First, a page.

So perhaps it’s a generational thing. Or perhaps there’s some revisionist history.

But when it comes to current players thinking about post-basketball life, Deng believes that, “of course every player does.” That includes himself.   

“I’m smart enough to know when I can go and when I can’t go,” Deng said. “Every player knows that. It’s just [that] Derrick said it. So everyone is on him. But if you guys want to take a survey and ask the league, if I don’t feel right, I’m not gonna play. If I feel like I could play, I can play. Now, my 80 percent is different from your 80 percent, we’re all different human beings. People want to praise us, and praise Derrick, when he plays hurt, but then when he has a big injury and then sits out, it’s like, yeah, but why did you that? So really he can’t win.”

Is Deng correct?

Is every current player thinking about the future.

We couldn’t get to all of them in a couple of days, but spoke to a few who have endured significant injuries or ailments over the course of their careers.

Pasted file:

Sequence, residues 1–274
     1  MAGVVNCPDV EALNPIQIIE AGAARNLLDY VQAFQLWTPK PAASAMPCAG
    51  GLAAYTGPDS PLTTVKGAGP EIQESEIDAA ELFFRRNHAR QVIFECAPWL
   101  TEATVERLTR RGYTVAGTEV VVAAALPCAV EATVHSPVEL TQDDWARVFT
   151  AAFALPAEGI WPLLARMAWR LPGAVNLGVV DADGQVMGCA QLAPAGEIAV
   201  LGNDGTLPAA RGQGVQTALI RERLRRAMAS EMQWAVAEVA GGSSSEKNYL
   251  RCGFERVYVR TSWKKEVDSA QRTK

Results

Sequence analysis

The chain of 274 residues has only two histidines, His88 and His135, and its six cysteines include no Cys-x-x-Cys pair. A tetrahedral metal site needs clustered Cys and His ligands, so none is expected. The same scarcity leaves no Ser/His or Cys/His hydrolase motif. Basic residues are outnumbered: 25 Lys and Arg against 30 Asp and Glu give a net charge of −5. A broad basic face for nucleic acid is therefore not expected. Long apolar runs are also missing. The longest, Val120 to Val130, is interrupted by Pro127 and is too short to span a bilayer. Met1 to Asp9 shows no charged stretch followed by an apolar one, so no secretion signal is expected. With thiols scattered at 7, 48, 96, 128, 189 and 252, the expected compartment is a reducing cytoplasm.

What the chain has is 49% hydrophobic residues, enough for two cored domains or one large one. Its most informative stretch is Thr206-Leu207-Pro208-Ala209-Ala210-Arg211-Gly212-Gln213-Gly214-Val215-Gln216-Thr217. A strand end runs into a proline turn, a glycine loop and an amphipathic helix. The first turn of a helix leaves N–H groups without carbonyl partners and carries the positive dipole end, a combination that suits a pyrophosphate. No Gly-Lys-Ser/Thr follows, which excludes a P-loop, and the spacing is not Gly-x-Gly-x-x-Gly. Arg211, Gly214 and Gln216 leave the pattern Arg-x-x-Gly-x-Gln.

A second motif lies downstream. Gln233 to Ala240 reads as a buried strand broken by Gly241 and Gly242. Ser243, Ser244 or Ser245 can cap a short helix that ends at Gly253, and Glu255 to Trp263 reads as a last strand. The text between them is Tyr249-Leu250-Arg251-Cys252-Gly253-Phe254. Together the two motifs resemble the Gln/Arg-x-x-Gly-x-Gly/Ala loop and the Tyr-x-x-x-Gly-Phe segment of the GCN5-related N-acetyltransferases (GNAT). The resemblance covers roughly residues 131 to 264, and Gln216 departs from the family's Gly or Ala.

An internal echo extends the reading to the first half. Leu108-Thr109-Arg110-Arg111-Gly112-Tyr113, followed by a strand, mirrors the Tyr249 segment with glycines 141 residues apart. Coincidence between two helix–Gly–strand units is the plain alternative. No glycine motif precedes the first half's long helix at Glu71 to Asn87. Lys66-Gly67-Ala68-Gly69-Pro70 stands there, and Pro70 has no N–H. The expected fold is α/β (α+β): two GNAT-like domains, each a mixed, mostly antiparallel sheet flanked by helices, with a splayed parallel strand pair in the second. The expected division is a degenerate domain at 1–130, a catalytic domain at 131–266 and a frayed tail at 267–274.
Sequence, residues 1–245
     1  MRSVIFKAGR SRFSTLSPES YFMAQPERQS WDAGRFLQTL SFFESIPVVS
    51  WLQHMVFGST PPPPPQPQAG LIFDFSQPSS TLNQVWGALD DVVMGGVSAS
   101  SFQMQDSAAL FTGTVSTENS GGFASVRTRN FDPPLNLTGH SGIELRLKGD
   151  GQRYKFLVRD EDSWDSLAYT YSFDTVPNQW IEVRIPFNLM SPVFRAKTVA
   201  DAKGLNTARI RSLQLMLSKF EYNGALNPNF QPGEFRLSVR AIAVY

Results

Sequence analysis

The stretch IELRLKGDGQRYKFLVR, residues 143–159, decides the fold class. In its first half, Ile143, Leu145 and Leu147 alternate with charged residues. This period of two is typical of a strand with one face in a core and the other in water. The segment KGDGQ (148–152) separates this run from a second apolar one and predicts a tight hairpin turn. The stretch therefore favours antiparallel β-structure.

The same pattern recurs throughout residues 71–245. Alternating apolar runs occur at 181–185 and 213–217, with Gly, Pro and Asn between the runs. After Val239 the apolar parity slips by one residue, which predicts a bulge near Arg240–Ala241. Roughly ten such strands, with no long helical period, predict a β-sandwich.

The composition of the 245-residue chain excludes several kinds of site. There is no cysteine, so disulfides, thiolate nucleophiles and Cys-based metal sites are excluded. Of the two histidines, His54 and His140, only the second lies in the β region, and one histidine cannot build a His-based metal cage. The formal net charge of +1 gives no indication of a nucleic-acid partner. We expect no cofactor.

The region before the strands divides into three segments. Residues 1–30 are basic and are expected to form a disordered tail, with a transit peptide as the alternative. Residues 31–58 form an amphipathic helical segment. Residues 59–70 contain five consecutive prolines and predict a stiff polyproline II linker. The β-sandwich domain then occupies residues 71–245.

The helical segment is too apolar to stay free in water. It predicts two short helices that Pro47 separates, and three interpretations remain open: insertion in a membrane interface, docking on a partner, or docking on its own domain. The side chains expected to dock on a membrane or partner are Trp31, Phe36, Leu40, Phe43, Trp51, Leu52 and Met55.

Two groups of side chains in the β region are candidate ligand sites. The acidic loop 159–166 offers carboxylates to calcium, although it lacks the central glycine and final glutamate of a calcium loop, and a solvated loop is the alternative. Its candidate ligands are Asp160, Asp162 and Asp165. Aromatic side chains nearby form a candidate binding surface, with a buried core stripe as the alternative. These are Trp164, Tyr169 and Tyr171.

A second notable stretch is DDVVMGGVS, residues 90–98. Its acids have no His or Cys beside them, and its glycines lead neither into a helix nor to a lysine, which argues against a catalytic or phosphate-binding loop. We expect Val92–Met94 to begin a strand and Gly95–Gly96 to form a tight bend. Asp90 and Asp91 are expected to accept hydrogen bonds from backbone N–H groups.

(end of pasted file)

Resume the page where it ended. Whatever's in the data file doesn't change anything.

Atlanta’s Al Horford, for instance, has played a total of just 38 games over the past two seasons due to tearing his left, and then right, pectoral muscles. He said that both times, he’s just been “focused on the now,” on going through physical therapy and getting back on the court. “I guess I never thought about down the road,” Horford said. 

Cleveland’s Anderson Varejao has had a terrible run of luck, missing 149 games over the past three seasons. “But the one that scared me the most was pulmonary embellism,” Varejao said of the blood clot in his lung that cut his 2012-13 season short after 25 games. “There was risk there for me to die. Everything else that I had, they were like freak injuries. My hand, my ankle, my quad. So I knew that I was going to rehab and be fine.” 

So none of the joint or muscle issues got him thinking about troubles in later life?

“Not me,” Varejao said. “No.” 

Mike Miller’s bodily woes were well-documented while he was in Miami. There always seemed to be something, from a concussion to two damaged thumbs to a chronically sore shoulder to a bad back that threatened his career. He says, even in the worst of the back problems, he didn’t think much about how it would impact his non-athletic future.